The roads thawed after an icy day of winter weather, and my husband and I craved an evening outside of our apartment for once. After more than two years in Green Bay, we finally went to 1919 Kitchen and Tap within Lambeau Field. We’ve walked past it on multiple visits with friends that have come up to the area, usually out of concern about price. For two people with a relatively limited appetite, willing to share a few plates, those concerns were much more easily bypassed.
To get to the restaurant, one has to go through the atrium of Lambeau and pass the fan shop to get up to the second floor. When we arrived, the shop was still open. It’s worth keeping in mind for friends in the future if we want to kill two birds with one stone– eat and shop in one stop. We came for food only, however, so we bypassed that opportunity to get to 1919 upstairs.
There was no wait when we arrived, likely because it was a Wednesday evening. The tables toward the center of the main dining area are surrounded by four very comfortable chairs, and being sat there wound up being a good thing for us over the course of the evening. We had a long wait and a mishap with our appetizers, but we had our drinks, an open kitchen to turn around and look into, and college basketball in every corner of the room to keep us busy.
New Years Day, we had a group of friends with us for the holiday. Brunch options were limited on the holiday, and the group of football fans descending upon the city for the Packers game the next day already began to arrive. We walked up and down the streets of downtown trying to find a table that we could get into in less than an hour. The Creamery, on that day, was not that place. The line was out the door. The wait was longer than an hour for four people.
A late post from Thanksgiving 2021 Travel to Cleveland, Ohio. A few more are still in the backlog-- but local content takes priority. Enjoy!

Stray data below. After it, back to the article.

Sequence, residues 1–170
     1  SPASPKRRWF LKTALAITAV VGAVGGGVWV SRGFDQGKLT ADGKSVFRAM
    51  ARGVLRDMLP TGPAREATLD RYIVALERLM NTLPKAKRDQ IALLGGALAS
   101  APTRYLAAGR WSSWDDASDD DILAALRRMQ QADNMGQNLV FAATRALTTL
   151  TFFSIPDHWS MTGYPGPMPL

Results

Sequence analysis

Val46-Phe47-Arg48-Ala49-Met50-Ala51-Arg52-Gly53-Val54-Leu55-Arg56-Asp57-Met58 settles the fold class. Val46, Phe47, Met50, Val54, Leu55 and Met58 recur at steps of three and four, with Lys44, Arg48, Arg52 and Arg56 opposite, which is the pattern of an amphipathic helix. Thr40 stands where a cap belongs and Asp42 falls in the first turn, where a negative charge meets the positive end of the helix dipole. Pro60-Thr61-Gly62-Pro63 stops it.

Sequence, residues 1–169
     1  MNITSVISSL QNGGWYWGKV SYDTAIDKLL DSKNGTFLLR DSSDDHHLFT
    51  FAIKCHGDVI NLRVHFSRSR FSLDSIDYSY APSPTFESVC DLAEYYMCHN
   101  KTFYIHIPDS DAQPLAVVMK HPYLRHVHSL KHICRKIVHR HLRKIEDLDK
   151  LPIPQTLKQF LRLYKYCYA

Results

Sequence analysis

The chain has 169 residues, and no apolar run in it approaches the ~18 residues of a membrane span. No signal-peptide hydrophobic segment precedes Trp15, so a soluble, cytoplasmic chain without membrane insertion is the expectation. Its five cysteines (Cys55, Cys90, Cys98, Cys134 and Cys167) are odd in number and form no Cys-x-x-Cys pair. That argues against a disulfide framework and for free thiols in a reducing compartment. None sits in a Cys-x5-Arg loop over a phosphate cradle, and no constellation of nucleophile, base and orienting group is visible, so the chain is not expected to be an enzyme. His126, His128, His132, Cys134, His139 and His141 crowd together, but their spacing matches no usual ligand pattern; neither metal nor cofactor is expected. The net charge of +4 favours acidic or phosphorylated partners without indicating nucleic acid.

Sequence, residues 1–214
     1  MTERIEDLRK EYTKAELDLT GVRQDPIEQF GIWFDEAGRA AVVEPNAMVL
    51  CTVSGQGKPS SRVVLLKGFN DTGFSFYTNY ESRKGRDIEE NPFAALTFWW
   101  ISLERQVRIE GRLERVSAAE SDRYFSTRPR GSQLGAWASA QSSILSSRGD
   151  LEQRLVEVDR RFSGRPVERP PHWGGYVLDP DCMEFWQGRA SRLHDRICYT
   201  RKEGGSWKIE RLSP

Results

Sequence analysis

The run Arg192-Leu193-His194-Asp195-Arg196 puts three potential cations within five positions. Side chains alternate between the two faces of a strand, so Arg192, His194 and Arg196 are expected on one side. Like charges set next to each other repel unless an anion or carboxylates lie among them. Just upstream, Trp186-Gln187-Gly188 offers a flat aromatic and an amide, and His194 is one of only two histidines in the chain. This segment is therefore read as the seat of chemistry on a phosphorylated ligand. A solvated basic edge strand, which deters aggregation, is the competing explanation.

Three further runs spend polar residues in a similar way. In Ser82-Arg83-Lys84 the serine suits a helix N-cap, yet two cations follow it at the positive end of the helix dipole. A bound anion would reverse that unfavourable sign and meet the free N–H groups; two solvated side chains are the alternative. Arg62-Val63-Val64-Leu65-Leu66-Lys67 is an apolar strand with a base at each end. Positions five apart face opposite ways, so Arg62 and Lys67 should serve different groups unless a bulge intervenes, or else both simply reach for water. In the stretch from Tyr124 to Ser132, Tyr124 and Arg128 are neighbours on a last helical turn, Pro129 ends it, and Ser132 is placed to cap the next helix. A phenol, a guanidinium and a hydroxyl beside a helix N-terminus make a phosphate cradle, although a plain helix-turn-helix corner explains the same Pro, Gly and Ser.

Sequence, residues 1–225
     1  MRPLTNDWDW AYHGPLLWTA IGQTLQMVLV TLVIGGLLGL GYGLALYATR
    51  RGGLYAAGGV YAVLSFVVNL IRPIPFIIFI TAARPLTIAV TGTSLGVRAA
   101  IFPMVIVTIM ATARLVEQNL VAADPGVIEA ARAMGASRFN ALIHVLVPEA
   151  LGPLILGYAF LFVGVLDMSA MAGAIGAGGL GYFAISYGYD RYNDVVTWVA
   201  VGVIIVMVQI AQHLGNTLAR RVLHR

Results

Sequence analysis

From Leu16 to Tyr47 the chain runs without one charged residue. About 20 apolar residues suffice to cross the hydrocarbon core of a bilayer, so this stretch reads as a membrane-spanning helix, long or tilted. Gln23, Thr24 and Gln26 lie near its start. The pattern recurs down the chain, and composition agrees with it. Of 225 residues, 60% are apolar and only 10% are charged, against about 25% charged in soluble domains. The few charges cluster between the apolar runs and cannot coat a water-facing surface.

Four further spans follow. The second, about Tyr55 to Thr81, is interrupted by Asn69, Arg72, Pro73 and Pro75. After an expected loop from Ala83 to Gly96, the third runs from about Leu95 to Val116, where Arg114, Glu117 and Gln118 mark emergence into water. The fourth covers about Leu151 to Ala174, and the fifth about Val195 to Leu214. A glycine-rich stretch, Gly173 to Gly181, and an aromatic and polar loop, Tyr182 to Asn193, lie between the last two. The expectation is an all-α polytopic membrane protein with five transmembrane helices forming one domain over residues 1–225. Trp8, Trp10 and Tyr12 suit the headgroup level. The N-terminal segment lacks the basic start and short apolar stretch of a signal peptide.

Another morning came during our visit to Cleveland, Ohio where my husband and I would be on our own while his siblings slept in to enjoy their holiday to its fullest. We didn’t know where to go for breakfast, but we most certainly did not want to be the types that went to Starbucks while on a mini vacation. A cursory google search for favorite brunch restaurants in town lead us to Townhall down by the West Side Market. It appeared on every list I checked, and it provided us an opportunity to stop by one of our favorite locations in the city again if we wanted to bring something along for the Ohio State game that afternoon.
Townhall has been around long enough that I have vague memories of driving by the front of the restaurant and staring at it longingly. It was a very superficial fascination with the decor out front more than anything, because I had no idea what was inside it. This trip, I was able to find out because my husband left me in charge of these outings. We walked around the market and into the cafe side of the restaurant to order.
Townhall has a great menu with options for all types of eaters, including vegans. That variety is certainly what catapults the restaurant up to the top of many lists across the internet. We went for two of the most common types of brunch dishes, eggs benedict and the egg sandwich. Both can be ordered with rosemary roasted potatoes which are only available during actual brunch hours. We decided to go that route.
These special events at the market always prompt me to make a visit and buy from everyone. This was no exception. My husband and I decided to have our dessert from the newest residence in the market. The benefit of a place like Revolution Market is that you as a customer are often face to face with the owners of the vendors, and I had the pleasure of meeting Mila of Mila Vanilla Crepes to talk to her about what she does.